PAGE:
English Grammar

Adjectives + Prepositions

Similar to certain verbs and nouns, many adjectives are typically followed by a particular preposition. The advertisement below contains a number of common “adjectives + prepositions” pairs:

  • Are you bored with your job and eager for a change?
  • I’m disappointed with my career.
  • I’m interested in learning new languages.
  • I’m worried about what the future holds.
  • Are you keen on giving your life a new direction?

A good dictionary will tell you which preposition to use with a particular adjective. The right combinations have to be learned and memorized, as there are no rules. How ever, adjectives with a similar meaning are often followed by the same preposition.
Adjectives that express a person’s feelings about something are often followed by about:
— angry, anxious, pessimistic, sorry, upset, worried
— enthusiastic, happy, optimistic
— certain, doubtful, right, wrong
¦ I’m pessimistic about my future.
Certain other adjectives expressing how you feel about something are followed by with:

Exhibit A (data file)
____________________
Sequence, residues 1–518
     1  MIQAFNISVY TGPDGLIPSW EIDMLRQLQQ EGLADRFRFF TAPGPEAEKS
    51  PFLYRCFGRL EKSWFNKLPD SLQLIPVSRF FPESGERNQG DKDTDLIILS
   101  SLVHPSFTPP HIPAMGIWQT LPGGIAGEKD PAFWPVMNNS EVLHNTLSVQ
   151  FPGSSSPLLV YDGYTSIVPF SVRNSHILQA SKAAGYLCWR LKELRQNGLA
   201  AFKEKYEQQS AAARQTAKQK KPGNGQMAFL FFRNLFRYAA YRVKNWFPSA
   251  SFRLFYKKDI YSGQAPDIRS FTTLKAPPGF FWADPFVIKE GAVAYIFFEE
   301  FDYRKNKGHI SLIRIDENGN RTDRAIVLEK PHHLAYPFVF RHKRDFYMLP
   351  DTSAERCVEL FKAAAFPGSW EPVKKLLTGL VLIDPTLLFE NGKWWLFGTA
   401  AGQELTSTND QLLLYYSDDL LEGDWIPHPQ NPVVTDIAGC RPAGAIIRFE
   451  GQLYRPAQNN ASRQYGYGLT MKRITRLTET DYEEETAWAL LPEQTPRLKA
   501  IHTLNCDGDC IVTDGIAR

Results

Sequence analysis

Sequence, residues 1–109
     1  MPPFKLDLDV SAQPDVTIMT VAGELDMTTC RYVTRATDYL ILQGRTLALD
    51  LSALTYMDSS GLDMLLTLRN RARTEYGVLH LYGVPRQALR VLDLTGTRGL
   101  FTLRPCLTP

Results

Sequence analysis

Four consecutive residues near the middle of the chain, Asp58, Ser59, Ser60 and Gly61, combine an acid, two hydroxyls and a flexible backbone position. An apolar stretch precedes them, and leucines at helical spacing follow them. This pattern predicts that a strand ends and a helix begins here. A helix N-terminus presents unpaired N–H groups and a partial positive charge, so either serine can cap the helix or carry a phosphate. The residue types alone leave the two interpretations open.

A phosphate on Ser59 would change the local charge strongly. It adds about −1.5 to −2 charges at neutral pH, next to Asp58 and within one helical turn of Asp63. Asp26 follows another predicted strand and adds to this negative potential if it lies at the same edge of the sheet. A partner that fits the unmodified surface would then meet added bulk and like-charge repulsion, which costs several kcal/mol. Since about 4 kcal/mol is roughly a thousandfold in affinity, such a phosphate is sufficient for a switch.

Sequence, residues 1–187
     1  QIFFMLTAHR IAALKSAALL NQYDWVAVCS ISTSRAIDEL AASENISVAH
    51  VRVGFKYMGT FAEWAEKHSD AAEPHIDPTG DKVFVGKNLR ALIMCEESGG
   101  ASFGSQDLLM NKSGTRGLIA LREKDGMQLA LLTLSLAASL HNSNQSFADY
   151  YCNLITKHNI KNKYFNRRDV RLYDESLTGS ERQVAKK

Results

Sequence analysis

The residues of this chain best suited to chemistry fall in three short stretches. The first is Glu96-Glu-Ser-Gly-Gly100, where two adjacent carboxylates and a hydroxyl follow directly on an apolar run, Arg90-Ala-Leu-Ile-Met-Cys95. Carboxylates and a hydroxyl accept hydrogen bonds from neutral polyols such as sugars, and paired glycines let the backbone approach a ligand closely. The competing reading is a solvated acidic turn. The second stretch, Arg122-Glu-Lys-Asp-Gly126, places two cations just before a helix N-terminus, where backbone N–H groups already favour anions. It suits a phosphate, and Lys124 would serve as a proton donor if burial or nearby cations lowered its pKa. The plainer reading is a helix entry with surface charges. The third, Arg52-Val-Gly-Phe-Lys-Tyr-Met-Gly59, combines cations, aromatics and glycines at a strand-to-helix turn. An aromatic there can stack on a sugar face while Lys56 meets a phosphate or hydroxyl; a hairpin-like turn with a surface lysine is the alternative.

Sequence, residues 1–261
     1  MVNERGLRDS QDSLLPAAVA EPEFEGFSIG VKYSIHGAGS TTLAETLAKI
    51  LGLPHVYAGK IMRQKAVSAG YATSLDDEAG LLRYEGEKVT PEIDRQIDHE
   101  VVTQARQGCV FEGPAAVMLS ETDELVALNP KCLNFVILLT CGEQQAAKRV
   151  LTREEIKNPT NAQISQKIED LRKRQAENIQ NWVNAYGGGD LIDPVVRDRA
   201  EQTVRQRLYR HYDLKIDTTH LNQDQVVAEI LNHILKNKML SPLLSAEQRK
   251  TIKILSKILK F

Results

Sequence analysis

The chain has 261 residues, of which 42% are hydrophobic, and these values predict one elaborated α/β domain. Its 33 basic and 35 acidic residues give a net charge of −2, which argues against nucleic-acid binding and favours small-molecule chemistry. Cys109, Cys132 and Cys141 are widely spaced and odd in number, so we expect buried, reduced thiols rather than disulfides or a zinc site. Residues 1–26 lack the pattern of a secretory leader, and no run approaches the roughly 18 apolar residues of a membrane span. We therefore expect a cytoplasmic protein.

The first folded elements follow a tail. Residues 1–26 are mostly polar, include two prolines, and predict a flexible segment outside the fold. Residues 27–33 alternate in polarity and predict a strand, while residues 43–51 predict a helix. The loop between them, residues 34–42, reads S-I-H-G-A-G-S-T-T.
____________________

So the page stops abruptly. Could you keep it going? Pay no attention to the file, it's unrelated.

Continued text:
— bored, fed up, pleased, satisfied
¦ I’m bored with my job.

Adjectives that say how well you do something are often followed by at:
— bad, good, hopeless, useless
¦ I’m hopeless at languages.
Adjectives describing a person’s behaviour towards another person are followed by to or towards:
— kind, nice, polite, rude
¦ Always be polite to your customers!
Many adjectives can be followed by a number of prepositions, often with a different meaning. The choice of preposition can depend on whether the object of the adjective is a thing or a person:
¦ We’re really angry with Paul.
¦ Everyone’s angry about his decision.
¦ Kate is very good with children.
¦ She’s also good at managing their parents.
¦ Emily is responsible for marketing our products in Asia.
¦ She’s directly responsible to the managing director.


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